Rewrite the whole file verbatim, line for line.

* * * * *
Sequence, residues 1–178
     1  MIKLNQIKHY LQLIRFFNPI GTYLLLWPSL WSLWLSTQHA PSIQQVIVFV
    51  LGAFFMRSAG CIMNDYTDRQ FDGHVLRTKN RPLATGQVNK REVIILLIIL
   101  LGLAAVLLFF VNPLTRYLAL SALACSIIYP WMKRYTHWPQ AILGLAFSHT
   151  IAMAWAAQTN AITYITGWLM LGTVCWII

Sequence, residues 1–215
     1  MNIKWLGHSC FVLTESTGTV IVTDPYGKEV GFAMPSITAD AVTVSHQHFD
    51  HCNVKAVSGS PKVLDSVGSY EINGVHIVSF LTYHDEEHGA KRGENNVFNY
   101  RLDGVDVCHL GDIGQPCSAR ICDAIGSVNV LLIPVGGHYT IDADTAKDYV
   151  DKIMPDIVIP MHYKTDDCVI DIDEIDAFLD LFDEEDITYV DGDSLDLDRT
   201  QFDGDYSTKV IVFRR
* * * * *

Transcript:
Sequence, residues 1–178
     1  MIKLNQIKHY LQLIRFFNPI GTYLLLWPSL WSLWLSTQHA PSIQQVIVFV
    51  LGAFFMRSAG CIMNDYTDRQ FDGHVLRTKN RPLATGQVNK REVIILLIIL
   101  LGLAAVLLFF VNPLTRYLAL SALACSIIYP WMKRYTHWPQ AILGLAFSHT
   151  IAMAWAAQTN AITYITGWLM LGTVCWII

Sequence, residues 1–215
     1  MNIKWLGHSC FVLTESTGTV IVTDPYGKEV GFAMPSITAD AVTVSHQHFD
    51  HCNVKAVSGS PKVLDSVGSY EINGVHIVSF LTYHDEEHGA KRGENNVFNY
   101  RLDGVDVCHL GDIGQPCSAR ICDAIGSVNV LLIPVGGHYT IDADTAKDYV
   151  DKIMPDIVIP MHYKTDDCVI DIDEIDAFLD LFDEEDITYV DGDSLDLDRT
   201  QFDGDYSTKV IVFRR